Steve Schale: Final notes on early voting in Florida - Florida Politics

Steve Schale: Final notes on early voting in Florida

To: The tired, poor, huddled masses yearning to be free of 2016

From: Steve Schale, Florida Sherpa

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Re: It is almost drinkin’ time

I usually do a timeline here, but since I can’t even imagine life in a post-2016 election cycle world, I am simply going to say, Thank God America, we have damn near made it. Like the weed that I can’t get to stop growing up the side of my backyard fence, admit it, you thought this would never end. But it is going to. Yes. Tomorrow, we will have a winner. Just hang in there one more day.

On Sunday, I took my Turkish crew to the St. Mark AME Church for a Souls to the Polls service with Val Demings and Kamia Brown, after which we visited an Early Voting site nearby. The lines at noon were already quite long, so it came as no surprise that Orange County (Orlando) set a turnout record. And so did Osceola, and Hillsborough, Broward, Palm Beach, Duval, Leon, Pinellas and yes, Miami-Dade.

In fact, Miami-Dade had more people vote today than 33 counties have had voted in this entire election. The more than 760K people who voted in early voting is equal to almost 88 percent of the entire vote cast in the 2012 election. If Election Day turnout is just half of what it was in 2012, more than 1 million people will vote in Dade. I had it estimated at 900K, as did most people I spoke with.

In total, almost 260K people voted yesterday in the 15 counties that cast ballots. To put that in context, most days last week of in-person early voting barely eclipsed the total from 15 counties. Frankly, the turnout was stunning.

There will be some VBM ballots which will show up tomorrow at elections offices, but the below numbers are pretty much what we will see heading into E-Day.

So, let me try to make some sense out of this.

Total Ballots cast: 6,419,154

Total Vote by Mail: 2,549,633 (41.5 percent)

Total Early Vote: 3,869,521 (58.5 percent)

Democrats: 2,558.072 (39.85 percent)

Republicans: 2,470,823 (38.49 percent)

NPA: 1,390,259 (21.66 percent)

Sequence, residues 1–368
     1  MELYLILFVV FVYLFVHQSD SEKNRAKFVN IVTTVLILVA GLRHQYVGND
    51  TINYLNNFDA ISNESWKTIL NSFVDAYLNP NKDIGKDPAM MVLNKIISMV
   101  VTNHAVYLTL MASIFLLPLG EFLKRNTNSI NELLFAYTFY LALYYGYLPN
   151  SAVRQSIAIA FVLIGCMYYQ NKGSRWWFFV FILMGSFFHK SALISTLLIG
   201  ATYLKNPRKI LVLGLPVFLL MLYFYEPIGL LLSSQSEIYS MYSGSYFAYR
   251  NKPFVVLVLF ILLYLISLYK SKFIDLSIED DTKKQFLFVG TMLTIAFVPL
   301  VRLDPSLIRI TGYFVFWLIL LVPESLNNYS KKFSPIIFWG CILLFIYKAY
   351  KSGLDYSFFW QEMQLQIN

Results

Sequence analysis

Total Margin: DEM +1.36 percent

How big is the final weekend for Dems?

Friday: Dems +0.13 (+7K)

Saturday: Dems +0.59 (+32K)

Sunday: Dems +1.36 (+87K)

To repeat from yesterday, my go-to model for this cycle has been 40D-39R-21NPA. NPA’s are going to outpace it, but I still think +1 DEM is safe.

And when you add Sunday, here is how the NPA tracked over the last week

After Sunday: 21.66 percent

After Sat: 21.35 percent

After Fri: 20.55 percent

After Thurs: 20.2 percent

After Wed: 19.8 percent

After Sunday: 19.3 percent

Right now, I think about 67 percent percent of the likely electorate has voted. Late last week, I predicted 70 percent, but to be fair, I had it at 9.2M turnout late last week. At that turnout, EV ended up at 69.7 percent, so that prediction was almost OK. I do think 9.5 million is where it lands — that is roughly ’08 level turnout (exact ’08 would be 9.55M). Given the sheer numbers of low-propensity voters, it could go beyond that, but honestly, I would be surprised (albeit pleasantly).

So, let’s dive into the usual benchmarks.

Hillsborough

Hillsborough had a record day, with Dems leading the day by a 3,500-voter plurality. NPA voters made up 30 percent of the voters yesterday, which is remarkable, outpacing NPA registration at 28.

All in all, the Dems will go into Eday with a seven-point voter registration advantage, which is slightly more Republican than the county’s voter registration statistics. D’s maintain an eight-point voter registration advantage in the county. Keep in mind, the reason I use Hillsborough is because it is the recent benchmark — the only county won by Bush twice and Obama twice.

And Hillsborough is doing a nice job of playing its role as the state benchmark. It should be about 6.5 percent of all statewide votes, and that is pretty much where it is in early voting (6.51 percent)

Yesterday: 41.7 Dem – 28.3 GOP – 30.0 NPA.

Total: 42.1 Dem – 35.3 GOP – 22.6 NPA

Dem +28,092

I-4

Almost as many people voted as Saturday, even though Volusia had no early voting, and the Dems won the day by over 13,000. But again, the big news is NPA, which made up 30 percent of all the voters along the highway, outpacing Republicans.

Again, it was metro-Orlando driving the NPA surge, with Seminole, Osceola, and Orange all over 30 percent NPA, with Osceola topping out at 33 percent. In fact, yesterday’s record day in both Osceola and Orange (I don’t have historic Seminole data), saw Dem + NPA = over 75 percent of the vote. The Obama effect again.

To date: 42.1 D — 35.4 R — 23.4 NPA